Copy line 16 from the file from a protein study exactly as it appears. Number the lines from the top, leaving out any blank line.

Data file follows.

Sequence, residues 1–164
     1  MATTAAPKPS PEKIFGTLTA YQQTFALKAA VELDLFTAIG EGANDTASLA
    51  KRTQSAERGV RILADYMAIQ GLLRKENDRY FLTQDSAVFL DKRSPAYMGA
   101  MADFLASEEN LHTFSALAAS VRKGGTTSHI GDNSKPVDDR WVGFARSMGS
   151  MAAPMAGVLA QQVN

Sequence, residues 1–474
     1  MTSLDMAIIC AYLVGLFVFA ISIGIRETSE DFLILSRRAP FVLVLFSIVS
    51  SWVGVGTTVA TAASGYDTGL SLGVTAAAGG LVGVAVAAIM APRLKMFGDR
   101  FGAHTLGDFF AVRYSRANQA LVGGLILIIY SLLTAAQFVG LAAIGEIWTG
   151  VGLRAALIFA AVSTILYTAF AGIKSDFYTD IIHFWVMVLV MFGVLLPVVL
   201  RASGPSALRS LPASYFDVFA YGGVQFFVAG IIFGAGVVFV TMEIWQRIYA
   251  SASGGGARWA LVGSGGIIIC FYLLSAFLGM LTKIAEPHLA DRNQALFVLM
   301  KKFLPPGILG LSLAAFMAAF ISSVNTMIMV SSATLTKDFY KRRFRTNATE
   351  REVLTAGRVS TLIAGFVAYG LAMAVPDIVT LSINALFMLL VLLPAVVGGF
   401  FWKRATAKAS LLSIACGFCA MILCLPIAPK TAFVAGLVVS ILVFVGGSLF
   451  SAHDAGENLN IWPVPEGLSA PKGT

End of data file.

   451  SAHDAGENLN IWPVPEGLSA PKGT